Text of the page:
Published: February 8, 2021

Category: Pesticide News

The weed treatment was working very well for organic vineyard farmers in Napa Valley, California.

Then Agro Gold Weed Slayer (WS) was found to contain two synthetic chemicals banned in organic farming—glyphosate and diquat. The California Department of Food and Agriculture issued a stop-use order for the product. In addition to trying to resolve how these products found their way into the organic supply list, organic grape growers are wondering if they’ll lose their certification.

Agro Gold WS is manufactured by Florida-based Agro Research International (ARI). ARI’s CEO Marc Lajeunesse said, “All I can tell you right now is that we at Agro Research do not use [add] any glyphosate or diquat to our product.”

California Certified Organic Farmers (CCOF) announced that use of Agro Gold WS would stop—but organic producers who used it in good faith won’t be issued a noncompliance. Investigation is ongoing; Alan Schreiber, pesticide specialist, feels it’s unlikely that this was accidental—the two very different chemicals would never be used in the same tank or pipe. The product wasn’t tested or regulated, so instances of use are unknown—raising concern that some growers applied it without protective gear.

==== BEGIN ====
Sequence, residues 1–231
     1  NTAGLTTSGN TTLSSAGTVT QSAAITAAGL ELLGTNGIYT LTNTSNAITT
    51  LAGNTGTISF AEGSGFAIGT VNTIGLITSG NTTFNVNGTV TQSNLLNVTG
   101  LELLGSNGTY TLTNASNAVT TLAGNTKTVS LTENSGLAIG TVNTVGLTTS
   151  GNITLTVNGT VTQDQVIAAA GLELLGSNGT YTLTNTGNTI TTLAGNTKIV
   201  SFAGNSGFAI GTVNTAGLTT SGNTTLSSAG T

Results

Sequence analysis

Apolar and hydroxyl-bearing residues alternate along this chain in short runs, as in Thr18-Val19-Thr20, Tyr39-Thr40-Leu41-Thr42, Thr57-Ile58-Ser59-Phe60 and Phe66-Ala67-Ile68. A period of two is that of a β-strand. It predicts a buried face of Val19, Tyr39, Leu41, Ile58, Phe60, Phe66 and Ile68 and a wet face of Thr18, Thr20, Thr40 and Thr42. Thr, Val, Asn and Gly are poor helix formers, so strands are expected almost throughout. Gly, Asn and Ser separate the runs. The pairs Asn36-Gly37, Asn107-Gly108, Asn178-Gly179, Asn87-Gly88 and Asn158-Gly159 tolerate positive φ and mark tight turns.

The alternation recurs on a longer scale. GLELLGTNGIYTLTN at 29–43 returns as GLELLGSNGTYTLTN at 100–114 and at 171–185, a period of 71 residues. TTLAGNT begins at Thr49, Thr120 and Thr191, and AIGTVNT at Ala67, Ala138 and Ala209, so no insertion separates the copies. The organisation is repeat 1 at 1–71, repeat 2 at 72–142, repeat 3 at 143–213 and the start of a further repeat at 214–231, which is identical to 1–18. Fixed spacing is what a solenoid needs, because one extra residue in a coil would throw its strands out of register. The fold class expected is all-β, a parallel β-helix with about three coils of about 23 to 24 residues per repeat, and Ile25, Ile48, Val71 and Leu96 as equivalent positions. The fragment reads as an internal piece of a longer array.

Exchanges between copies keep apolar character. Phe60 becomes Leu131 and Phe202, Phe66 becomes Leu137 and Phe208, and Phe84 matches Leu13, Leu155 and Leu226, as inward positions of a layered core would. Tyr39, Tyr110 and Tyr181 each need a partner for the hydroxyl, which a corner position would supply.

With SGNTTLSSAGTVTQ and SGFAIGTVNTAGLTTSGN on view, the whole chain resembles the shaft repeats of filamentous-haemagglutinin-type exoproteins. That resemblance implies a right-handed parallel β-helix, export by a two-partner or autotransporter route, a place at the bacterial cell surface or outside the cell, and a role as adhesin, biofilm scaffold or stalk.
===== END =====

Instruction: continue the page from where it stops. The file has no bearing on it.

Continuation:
Agro Gold WS appealed to organic grape farmers as an alternative to Roundup; options for effective organic weed control are limited. Also the pandemic diminished work crews needed for weeding.

Napa Valley viticulturist Madeleine Rowan-Davis is cautiously waiting to see if the contamination was a mistake that could be amended.

Source: Napa Valley Register

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Organic & Non-GMO Insights February 2021